When Paul goes after the press, he laments their unwillingness to go after a guy who has taken a year off, launched a terribly misguided war, pushed a failed Social Security plan, screwed up with NCLB, destroyed our surplus, lost the debates, and so forth.  But on every one of those issues (well, at least those we have polling for), Bush is way, way down.  Much under 50%.  And that, basically, is why I'm writing this post. 

What're we expecting from the press?  They can't instigate impeachment proceedings.  They try and report the news, often fail, but, in any case, seem to have given Americans a fairly good picture of what a bad job Bush is doing on the issues.  And yet Bush still beat our guy.  Even after Americans watched Kerry whup him in the debates.  Even after the press codified Kerry's whupping.  We still lost.

It's our job to elect Democrats, not the press's.  It's our job to win campaigns. It's our job to run candidates who'll have the courage to call the President a failure and demand accountability.  It's our job to organize against John Roberts.  It's our job to talk to enough friends and make enough noise that skittish politicians realize it's time to withdraw.  Paul's raging against the press, but they, so far as I can tell, haven't done anything wrong.  Not anything they don't usually do, anyway*.  Our impotence is not their fault.  It's our fault.  It's our fault because we didn't see and stop Rove's evangelical mobilization.  It's our fault because we've left the airwaves to them, ensuring that every rural resident outside FM's reach ends up listening to Limbaugh.  It's our fault because we let the exurbs and suburbs get taken over by conservative megachurches, without even attempting to build a religious left.  It's our fault because Kerry's Hispanic outreach blew, because there's no progressive Fox News, because the liberal media isn't liberal.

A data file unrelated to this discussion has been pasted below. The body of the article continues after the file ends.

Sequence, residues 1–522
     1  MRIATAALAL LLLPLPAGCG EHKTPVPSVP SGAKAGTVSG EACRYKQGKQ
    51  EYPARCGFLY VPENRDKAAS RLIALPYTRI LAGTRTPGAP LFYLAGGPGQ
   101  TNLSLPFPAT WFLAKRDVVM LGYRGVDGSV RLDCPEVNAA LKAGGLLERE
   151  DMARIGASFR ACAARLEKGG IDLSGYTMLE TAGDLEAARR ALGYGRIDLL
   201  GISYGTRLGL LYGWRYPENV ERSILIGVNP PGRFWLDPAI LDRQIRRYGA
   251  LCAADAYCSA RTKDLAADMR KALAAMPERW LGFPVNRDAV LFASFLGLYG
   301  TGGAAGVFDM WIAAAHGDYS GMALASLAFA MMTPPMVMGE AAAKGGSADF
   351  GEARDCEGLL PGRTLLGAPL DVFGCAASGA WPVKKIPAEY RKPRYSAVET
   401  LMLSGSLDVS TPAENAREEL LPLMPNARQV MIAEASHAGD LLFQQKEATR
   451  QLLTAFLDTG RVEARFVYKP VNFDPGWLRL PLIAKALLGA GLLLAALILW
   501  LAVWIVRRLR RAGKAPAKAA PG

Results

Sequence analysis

It's our fault.  It really is.  Not the press's.  And when we cry that they're not doing enough, I honestly don't know what we think they should be doing.  They reported Abu Ghraib, they've put out a number of other front-pagers on the most terrible torture stories I've heard (remember this one?), they report Iraq's death spiral, they report health care's collapse, they report gas prices, they do all of that.  They don't lay out the blame as clearly as I'd like, but bottom line, that's our job to do.  We should criticize them for it, but at a certain point, it's time to stop believing that the tooth fair will come and change them.  The real problem isn't the long-time hackery of the press corps, but the fact that we've lost three elections in a row now, never put the time into building a progressive media movement, and have let Republicans kill Labor.  We've got no base to strike back from. 

We have to make one.  That's what this is all about.  All the blogging, the Air America's, the Phoenix Project, the magazines, the conference calls, the Center for American Progress, all of it.  It's about getting to a place where we don't have to wish the press would do more, because we can take what they do and make it into more.  But that's our job, as activists and partisans.  We know the press sucks.  They've been doing that for years now.  That's what my whole last post was about; hell, that's what this whole blogging thing's about.  But they're not sucking particularly bad right now.  They're just being their general, bumbling selves.  We have to stop wishing they'd rise up, shake off their shackles, and do our jobs for us.  Because, in the end, there's no substitute for winning.  Not even a strong press corps.

* For examples of the press being worse than it usually is, look to the Gore campaign or the runup to the Iraq War.